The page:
Relations with China must stress cooperation, not fear

Two Chinese warships are in Everett because relations have improved so much over the past year. It is another of the good times in U.S.-China relations. Memories of the 1999 U.S. bombing of China’s embassy in Yugoslavia have faded. China rode out the election of a new president in Taiwan without completely losing its cool.

For the moment, everything is fine. And friendship is being celebrated, both among professional military personnel on the docks of Everett as well as by diplomats in Beijing and Washington, D.C.

How long will the picture stay so cheery? The past quarter century of generally good ties between two great nations argues for optimism. But there is also reason for caution.

The Chinese regime remains authoritarian, sometimes brutally so. In May, the liberal New Republic magazine aptly described Beijing as "an insular, paranoid government filled with resentment toward the West and entitlement toward its neighbors." Paranoid? Any discussion with Chinese foreign ministry officials emphasizes that there have been mistakes made in dealings between our two countries. All the mistakes, however, have been made by — America.

While nationalism may have lost its allure in much of the world, it’s booming in China. As the inheritor of a great civilization, China has a legitimate desire to see itself as a leading world power. And the history of China’s mistreatment by Western powers in the 19th and early 20th centuries remains a legitimate cause for resentment. But, with few ways to rally the public around the ruling Communist Party, Chinese leaders find it convenient at times to stir the flames of nationalism.

Still, the United States has little reason — other than its own political playing with emotions — to regard China as a serious threat, at least for the present. China is not in the same class as this country, militarily or economically. And despite the embarrassing behavior of the U.S. government in the Wen Ho Lee nuclear technology case, China does not appear intent on serious military rivalry.

Indeed, there are good reasons for the United States and China to cooperate and maintain productive relations. There is a history of deep respect between the two nations that, at least on the level of public opinion, seems strong enough to survive inevitable ups and downs in diplomatic relations. In many ways, our national interests, in Asia and globally, line up well. We both want peace on the Korean Peninsula, which lies next to China. Most importantly, both countries have an overriding interest in the prosperity and opportunities for progress that only peace can offer.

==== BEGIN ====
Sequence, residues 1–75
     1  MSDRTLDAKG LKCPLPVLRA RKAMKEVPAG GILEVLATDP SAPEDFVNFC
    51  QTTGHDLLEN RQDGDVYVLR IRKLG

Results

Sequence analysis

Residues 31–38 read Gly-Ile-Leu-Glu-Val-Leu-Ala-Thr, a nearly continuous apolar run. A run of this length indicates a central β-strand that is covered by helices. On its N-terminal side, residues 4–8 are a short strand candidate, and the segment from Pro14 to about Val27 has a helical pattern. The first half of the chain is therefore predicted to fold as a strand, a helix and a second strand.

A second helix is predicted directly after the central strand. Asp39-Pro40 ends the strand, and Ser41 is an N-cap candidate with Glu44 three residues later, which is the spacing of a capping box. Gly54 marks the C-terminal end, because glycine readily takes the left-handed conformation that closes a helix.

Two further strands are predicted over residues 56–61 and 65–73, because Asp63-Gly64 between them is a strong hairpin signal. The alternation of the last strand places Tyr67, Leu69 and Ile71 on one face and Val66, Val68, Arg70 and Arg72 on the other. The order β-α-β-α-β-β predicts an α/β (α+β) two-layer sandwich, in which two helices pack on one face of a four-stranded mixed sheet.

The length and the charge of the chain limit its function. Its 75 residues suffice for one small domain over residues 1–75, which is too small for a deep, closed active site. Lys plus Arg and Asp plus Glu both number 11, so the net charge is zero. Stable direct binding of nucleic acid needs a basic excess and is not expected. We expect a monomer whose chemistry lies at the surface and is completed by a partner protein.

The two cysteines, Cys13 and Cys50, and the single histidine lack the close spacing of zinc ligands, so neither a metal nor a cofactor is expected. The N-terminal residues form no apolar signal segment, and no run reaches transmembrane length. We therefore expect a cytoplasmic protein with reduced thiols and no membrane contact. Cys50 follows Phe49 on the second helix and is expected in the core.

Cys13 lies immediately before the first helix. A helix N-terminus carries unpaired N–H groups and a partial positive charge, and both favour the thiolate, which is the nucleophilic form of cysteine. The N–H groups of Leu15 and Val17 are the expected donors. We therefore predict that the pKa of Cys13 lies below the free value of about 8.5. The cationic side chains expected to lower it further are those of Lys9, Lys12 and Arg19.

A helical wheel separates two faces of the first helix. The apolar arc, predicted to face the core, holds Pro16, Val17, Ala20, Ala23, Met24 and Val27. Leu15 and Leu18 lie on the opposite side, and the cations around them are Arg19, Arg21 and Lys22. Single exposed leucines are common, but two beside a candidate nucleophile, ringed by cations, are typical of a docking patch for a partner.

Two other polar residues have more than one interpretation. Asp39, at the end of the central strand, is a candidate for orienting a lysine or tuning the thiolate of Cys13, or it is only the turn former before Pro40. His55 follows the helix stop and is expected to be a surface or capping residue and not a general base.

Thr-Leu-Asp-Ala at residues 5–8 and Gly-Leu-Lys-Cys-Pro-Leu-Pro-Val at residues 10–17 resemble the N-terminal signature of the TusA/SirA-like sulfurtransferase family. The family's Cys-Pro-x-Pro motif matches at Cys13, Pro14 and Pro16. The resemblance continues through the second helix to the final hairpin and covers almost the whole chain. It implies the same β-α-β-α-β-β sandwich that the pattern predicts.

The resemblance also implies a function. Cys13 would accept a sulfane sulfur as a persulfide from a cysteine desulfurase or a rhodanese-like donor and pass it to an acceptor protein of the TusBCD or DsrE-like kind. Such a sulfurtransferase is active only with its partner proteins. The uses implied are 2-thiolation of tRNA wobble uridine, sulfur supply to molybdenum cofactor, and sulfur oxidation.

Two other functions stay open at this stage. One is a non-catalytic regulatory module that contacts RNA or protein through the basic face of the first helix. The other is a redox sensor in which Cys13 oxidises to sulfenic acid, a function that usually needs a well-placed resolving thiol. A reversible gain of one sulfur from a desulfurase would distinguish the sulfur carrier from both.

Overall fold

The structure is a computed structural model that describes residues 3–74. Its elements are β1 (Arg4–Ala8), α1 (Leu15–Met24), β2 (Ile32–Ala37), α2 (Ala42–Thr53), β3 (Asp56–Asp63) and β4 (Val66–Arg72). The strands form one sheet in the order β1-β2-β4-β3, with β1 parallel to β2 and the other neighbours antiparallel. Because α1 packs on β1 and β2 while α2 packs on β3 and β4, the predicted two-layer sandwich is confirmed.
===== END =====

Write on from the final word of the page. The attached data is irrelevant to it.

While China has disputes with a number of its neighbors, none is more important to China than Taiwan, which it regards as a renegade province. It’s a surprisingly emotional issue. Just before the inauguration of Taiwan’s new president in May, a lunch between visiting American journalists and a deputy mayor of Shanghai turned tense. The city official, the father of a pre-teen boy, suggested heatedly that war might be preferable to the dishonor of allowing Taiwan to make any declaration of independence.

Taiwan, with its impressive development as a democracy, deserves American support, including enough weapons for Beijing to know that peace is the only plausible route to reunification. Oddly, though, the road to peaceful reunification may run right through Hong Kong, which returned to Chinese control just three years ago. Chinese officials point to the maintenance of freedom and the promotion of democracy in Hong Kong as ways to show Taiwan what it could expect under reunification.

Even Beijing’s most intelligent critics tend to agree. Martin Lee, a great human rights advocate and one of Hong Kong’s elected legislators, sees hope for preservation of Hong Kong’s freedoms in Beijing’s need to impress Taiwan. He is optimistic, moreover, that China and Taiwan can address their questions peacefully.

If that’s the case, a strong United States and a growing China ought to be able to continue dealing with each other reasonably well in the years ahead. Caution and strength, however, will be vital ingredients in maintaining America’s security and ability to deal peacefully with China.


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